Investigative Journalism in the Age of Digital Journalism 

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Investigative journalism is a must. It became a battering ram and revealed actors behind the tyranny of power. But it seems that many books on investigative journalism are only in the realm of theory. It only becomes a textbook or textbook in classrooms. There are political and psychological realities in the field that are also essential to be photographed to be used as learning and development of investigative journalism.

Masduki, Lecturer at Department of Communications of Universitas Islam Indonesia, said the book that can be used as a reference on Investigative Journalism nowadays is “investigative journalism” written by Dhandy Dwi Laksono. “Meanwhile, the other books are books written by former practitioners who are now academics,” said Masduki. Masduki is a speaker at the Book Review of “Stories of Investigative Journalism” on September 24, 2021, via Zoom meeting. “The downside is, books like this only reproduce textbooks and are more theoretical,” he added. 

The book review, organized by the Alliance of Independent Journalists (AJI) Yogyakarta, also featured the author of the book, Agoeng Wijaya (Managing Editor of Tempo Magazine). Yogi Zul Fadhli (Director of LBH Jogja) is also the speaker. The discussion are guided by Faried Cahyono (AJI Yogyakarta Member) as moderator.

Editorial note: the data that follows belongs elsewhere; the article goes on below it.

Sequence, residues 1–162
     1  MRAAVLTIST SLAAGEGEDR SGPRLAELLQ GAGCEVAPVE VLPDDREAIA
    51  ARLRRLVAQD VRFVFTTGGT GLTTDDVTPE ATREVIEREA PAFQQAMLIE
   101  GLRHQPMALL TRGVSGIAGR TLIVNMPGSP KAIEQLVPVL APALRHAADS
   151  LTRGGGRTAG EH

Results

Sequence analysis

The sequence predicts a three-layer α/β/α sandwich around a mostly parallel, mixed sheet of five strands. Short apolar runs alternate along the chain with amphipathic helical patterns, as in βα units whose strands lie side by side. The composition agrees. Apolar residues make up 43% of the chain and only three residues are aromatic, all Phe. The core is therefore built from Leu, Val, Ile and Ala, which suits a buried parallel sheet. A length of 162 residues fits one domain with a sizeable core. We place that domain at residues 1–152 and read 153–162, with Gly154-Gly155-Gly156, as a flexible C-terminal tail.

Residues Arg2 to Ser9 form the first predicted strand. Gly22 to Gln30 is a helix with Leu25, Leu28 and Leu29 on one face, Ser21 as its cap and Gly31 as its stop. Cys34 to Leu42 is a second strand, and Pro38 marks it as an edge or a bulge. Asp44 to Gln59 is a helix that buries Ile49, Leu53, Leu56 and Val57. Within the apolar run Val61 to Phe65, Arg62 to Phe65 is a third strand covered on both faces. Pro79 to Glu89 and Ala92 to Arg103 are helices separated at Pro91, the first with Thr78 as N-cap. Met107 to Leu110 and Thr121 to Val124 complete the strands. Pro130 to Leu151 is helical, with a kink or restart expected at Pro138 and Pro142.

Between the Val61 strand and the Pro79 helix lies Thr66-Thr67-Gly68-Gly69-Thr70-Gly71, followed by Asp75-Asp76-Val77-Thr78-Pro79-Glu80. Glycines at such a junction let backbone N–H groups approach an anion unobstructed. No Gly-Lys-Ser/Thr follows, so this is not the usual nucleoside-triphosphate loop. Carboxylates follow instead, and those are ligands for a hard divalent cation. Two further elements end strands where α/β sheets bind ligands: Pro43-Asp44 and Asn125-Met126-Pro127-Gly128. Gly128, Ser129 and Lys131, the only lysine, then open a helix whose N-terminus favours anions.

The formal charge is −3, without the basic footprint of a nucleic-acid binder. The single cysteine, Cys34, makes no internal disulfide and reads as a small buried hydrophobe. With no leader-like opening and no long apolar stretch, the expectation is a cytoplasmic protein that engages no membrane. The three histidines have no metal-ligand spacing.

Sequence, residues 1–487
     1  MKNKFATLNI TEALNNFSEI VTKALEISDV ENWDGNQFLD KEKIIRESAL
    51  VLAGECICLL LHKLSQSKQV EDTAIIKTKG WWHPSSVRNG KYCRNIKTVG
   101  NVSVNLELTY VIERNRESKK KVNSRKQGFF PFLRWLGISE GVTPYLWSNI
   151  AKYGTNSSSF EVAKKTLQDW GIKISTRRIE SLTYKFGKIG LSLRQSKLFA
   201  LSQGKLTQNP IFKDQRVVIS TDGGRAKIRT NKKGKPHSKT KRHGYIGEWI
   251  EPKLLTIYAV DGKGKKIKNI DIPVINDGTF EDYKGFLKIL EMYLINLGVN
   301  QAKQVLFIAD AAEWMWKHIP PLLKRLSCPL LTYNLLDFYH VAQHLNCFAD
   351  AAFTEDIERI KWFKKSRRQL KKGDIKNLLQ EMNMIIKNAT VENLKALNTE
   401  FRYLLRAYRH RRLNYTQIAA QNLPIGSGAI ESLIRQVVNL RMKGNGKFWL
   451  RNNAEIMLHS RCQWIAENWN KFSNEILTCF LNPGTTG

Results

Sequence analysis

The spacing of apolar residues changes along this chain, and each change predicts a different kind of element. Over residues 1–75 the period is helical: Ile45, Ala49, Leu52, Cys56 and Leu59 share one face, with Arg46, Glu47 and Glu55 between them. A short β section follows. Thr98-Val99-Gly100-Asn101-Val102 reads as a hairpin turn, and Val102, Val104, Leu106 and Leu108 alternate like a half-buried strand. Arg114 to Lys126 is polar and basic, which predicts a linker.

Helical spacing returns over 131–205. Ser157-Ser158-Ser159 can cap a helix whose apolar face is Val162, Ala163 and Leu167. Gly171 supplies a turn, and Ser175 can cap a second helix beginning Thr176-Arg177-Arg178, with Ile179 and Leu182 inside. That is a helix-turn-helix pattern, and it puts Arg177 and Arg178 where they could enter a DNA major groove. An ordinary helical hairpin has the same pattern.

This book, said Masduki, will add references to investigative journalism itself and be a lesson for journalists/practitioners, academics, aspiring journalists, and observers. “Thus, AJI Jogja has expanded its reach not only to journalists but also to their supporting institutions,” said Masduki.

According to Masduki, this also proves that journalists should be able to write news that offers information and become journalists who are also intellectuals. As a journalist and intellectual, they are a person who has the authority to write their views—both about their profession and things outside of themself.

This book is also proof that this book is a marker of the author’s concern for the generation to be more concerned with a more specific skill, namely investigation. “I also see that books on investigative journalism are still rare. Both in terms of quantity and quality,” he said.

For Masduki, who is also a doctor in media and public broadcasting, another drawback of textbooks is that they fail to capture the atmosphere. For example, said Masduki, the empirical atmosphere in the field, or journalists’ psychological and political pressure on the ground. Textbooks in college classes are also left behind in photographing the development of the work pattern of journalism itself. 

“Now is the digital and Digital journalism era. In the past, what was mentioned was the classic investigative journalism recipe. There are three recipes: the paper trail, the people trail, and the money trail,” Masduki explained. “That’s part of it now can be tracked using digital platforms. This is not discussed in digital journalism books, even journalism books in Indonesia.”